Law school is and will never be for the faint of heart. It requires grit and discipline to last the whole ride—and an even harder hurdle to get into one. To help ease the burden of a person entering law school, you need a law school recommendation letter. In this letter, you can willingly express your personal and professional sentiments of them. These same sentiments are what will back up that person’s credentials. To know more about this type of recommendation letter, continue reading below. Read More
A law school recommendation letter is a letter that a law student applicant has requested you to make to attest to their work ethic, performance, and their characteristics. Law school recommendation letters are written by people who have known you well, academically. These are professors, supervisors, or mentors. Moreover, a recommendation letter is a substantial contributing factor to your admission—so, the writer should know you very well to craft a compelling piece.
According to Business Insider South Africa, in an office setting, a recommendation letter increases a person’s chances of getting hired by 50%. So, if you are thinking of a booster when searching for a job, have someone write a recommendation letter for you. This person must have worked alongside you and are a testament to your skills and characteristics. Otherwise, your message won’t be of much help.
Below, we have compiled tips on how to make a persuasive law school recommendation letter. Read them here:
Recommendation letters vouch for a person’s credentials and character. You cannot vouch for that person if you do not know them well. Make sure that you have worked with this person enough to construct a meaningful letter. If you think that you are not in the right position, write such a letter, politely decline.
This brief introduction introduces yourself, your relationship with the applicant, and your profession. Keep things short, simple, and straightforward.
Narrate how you have come to know the applicant and the exceptional traits and characteristics that you hold in high esteem. Express the outstanding qualities that make them unique and how they deserve a slot in your institution. Do not exaggerate, maintain the truthfulness, and keep the tone enthusiastic.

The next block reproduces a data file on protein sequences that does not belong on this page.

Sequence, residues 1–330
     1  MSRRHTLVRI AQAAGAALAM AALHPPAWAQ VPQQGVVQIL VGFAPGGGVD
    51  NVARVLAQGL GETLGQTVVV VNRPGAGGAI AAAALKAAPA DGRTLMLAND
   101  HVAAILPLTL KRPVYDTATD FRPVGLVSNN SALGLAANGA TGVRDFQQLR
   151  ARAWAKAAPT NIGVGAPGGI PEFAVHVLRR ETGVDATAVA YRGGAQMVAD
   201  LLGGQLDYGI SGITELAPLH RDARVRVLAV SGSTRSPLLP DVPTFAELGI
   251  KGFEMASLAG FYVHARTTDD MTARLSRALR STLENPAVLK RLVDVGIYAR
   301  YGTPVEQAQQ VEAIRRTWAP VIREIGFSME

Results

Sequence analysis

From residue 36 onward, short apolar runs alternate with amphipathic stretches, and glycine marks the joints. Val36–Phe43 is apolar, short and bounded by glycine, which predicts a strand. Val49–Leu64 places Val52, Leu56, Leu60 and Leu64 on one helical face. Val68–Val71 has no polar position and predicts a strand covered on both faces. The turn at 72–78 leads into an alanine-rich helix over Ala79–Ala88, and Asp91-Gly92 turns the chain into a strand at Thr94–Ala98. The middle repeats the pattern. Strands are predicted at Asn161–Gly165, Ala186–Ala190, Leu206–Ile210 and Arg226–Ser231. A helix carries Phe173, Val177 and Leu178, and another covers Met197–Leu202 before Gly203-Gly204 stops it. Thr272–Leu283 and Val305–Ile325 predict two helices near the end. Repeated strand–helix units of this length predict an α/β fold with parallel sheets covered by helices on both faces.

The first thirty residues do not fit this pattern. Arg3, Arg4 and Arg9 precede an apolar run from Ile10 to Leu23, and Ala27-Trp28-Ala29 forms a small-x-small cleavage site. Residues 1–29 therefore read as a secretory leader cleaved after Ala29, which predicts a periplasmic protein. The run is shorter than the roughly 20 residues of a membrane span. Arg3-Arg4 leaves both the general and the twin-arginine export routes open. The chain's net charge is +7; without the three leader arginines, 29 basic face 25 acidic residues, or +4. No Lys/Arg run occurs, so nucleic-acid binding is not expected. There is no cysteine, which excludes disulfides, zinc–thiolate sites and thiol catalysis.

End things on a positive note. You may insert one last affirmative line about how they are going to be an excellent addition to your institution. To address the institution’s additional questions, provide contact information with the days and the time that you are available.
End the letter finally by adding your name, position, and your signature atop it.
A letter with tons of typos and grammatical errors can repel the reader. Not only does it repel, but it is also disruptive to the reader’s reading. Proofread your letter by checking the recipient’s name, dates, addresses, and other supporting details. Remember that a winning recommendation letter goes a long way.
A law school recommendation letter should highlight the applicant’s skills, achievements, and character. This validates all the applicant’s credentials and increases their chances of getting accepted. Other things include the name of the person writing the letter, their profession, the relationship between them, and the applicant. The dates, recipient’s name, title, address, and signatures should be included as well.
It depends on the school that you are applying for. Your chosen school’s requirements should be in the Law School Admission Council or LSAC. Some schools only require two letters, but they also accept a maximum of four.
Very important. In fact, a recommendation letter is a huge factor in the deciding process, along with your grades and LSAT results. Strong, well-written recommendation letters strengthen your application and may compensate for any gaps in your application.
Professors and supervisors should write your recommendation letter. Remember that schools place value on academic excellence—therefore, your letter should be constructed by the people who know you academically. Then, you can provide enough reason to build meaningful relationships with your mentors, professors, and supervisors.
First and foremost, list down all the possible persons who can write for you. These are your professors, supervisors, or mentors who have witnessed your academic excellence. Once you have chosen one, approach them personally (avoid an informal approach: emailing). This will show them that you are sincere in your request. Discuss with them your interest and reasons for applying for law school and ask if you can write a letter to you. These people can either accept or reject your request—so, don’t dwell on hurt feelings and move on to the next person on your list. Don’t approach family, friends, relatives, judges, or political figures because they are heavily discouraged.
Whether we admit it or not, we all need a boost to get from one place to another. Especially if that place is law school. A letter of recommendation, if properly written, can up your rank amongst other applicants who deserve the same slot as you do. And the slots are only available to intelligent and capable applicants who can withstand reading and studying mountains of books and cases. So, you have to wrestle with anyone to have that coveted slot.